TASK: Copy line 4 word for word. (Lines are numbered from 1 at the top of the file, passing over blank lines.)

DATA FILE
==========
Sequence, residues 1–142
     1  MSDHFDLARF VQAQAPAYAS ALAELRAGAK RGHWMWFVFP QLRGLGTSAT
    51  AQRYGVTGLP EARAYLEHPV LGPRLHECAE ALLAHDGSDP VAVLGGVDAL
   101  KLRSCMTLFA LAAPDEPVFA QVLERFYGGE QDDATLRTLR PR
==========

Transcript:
   101  KLRSCMTLFA LAAPDEPVFA QVLERFYGGE QDDATLRTLR PR